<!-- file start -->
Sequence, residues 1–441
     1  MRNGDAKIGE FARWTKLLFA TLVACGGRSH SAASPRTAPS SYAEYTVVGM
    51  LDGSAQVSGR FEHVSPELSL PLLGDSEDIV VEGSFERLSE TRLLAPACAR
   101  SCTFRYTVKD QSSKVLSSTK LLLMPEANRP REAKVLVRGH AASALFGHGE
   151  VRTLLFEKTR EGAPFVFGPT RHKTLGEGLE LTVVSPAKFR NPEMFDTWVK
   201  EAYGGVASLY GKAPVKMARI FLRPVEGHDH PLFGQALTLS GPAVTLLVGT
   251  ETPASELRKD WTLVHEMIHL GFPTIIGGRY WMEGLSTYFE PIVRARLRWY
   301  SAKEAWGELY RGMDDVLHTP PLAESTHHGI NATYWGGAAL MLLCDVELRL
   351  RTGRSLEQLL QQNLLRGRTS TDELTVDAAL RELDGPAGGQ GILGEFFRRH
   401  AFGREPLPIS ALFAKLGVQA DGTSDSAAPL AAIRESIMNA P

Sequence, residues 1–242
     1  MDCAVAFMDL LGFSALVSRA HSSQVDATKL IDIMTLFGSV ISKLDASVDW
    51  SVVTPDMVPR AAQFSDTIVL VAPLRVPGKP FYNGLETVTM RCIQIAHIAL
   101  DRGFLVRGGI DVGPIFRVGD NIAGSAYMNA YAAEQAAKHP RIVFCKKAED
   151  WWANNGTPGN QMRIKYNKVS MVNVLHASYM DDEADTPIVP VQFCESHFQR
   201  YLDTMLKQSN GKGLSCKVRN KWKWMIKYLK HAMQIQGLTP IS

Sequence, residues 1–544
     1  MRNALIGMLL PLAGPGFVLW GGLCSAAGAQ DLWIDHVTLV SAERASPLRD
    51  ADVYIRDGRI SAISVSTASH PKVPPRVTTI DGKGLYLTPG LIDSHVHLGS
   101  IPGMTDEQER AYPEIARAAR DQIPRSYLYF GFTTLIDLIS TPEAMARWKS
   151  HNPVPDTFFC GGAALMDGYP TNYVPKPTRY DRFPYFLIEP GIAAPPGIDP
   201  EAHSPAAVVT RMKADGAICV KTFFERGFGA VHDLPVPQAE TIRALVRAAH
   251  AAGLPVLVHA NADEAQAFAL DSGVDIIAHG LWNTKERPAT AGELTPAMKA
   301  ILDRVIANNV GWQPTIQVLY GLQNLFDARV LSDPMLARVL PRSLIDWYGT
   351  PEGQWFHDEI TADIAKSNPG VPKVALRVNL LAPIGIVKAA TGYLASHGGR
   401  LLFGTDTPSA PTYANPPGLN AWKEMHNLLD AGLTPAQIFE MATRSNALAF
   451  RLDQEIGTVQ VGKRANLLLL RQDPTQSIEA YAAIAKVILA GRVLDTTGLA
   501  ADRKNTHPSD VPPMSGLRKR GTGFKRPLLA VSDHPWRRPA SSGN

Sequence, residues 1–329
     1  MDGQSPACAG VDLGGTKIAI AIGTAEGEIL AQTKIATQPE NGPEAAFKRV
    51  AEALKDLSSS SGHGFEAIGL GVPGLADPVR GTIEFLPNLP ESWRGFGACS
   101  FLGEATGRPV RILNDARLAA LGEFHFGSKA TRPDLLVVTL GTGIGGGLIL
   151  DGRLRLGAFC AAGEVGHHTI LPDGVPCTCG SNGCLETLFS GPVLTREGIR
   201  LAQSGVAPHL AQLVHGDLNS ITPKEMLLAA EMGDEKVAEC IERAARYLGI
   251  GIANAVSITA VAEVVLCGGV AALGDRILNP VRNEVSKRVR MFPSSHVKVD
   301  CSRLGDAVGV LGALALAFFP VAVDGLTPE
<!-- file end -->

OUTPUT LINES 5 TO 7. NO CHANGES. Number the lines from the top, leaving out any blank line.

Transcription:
   151  VRTLLFEKTR EGAPFVFGPT RHKTLGEGLE LTVVSPAKFR NPEMFDTWVK
   201  EAYGGVASLY GKAPVKMARI FLRPVEGHDH PLFGQALTLS GPAVTLLVGT
   251  ETPASELRKD WTLVHEMIHL GFPTIIGGRY WMEGLSTYFE PIVRARLRWY